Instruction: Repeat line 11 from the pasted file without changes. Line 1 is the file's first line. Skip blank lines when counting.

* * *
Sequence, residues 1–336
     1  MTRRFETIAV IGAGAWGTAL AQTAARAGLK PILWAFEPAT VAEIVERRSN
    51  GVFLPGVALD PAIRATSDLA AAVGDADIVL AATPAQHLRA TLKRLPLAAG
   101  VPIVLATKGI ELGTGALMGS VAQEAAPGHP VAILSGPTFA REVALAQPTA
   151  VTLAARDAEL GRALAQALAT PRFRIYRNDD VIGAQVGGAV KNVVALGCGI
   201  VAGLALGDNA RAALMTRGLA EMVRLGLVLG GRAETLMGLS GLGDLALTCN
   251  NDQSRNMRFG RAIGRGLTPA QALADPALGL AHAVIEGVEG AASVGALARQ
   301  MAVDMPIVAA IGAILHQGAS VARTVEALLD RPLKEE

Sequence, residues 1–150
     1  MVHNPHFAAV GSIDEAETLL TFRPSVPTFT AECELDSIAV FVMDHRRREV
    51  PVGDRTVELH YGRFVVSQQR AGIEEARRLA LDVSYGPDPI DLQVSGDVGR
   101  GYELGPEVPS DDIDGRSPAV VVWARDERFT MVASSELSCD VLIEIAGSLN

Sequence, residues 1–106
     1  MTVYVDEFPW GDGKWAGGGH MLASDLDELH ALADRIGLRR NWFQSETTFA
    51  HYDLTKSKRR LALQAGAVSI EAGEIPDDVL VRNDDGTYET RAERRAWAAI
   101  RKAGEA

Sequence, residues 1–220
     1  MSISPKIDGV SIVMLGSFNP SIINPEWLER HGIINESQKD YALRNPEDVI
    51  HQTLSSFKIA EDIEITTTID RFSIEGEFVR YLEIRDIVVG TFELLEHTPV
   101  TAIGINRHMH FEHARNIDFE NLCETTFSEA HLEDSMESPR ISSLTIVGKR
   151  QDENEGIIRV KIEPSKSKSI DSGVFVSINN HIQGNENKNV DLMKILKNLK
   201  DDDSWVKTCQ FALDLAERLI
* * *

    51  PVGDRTVELH YGRFVVSQQR AGIEEARRLA LDVSYGPDPI DLQVSGDVGR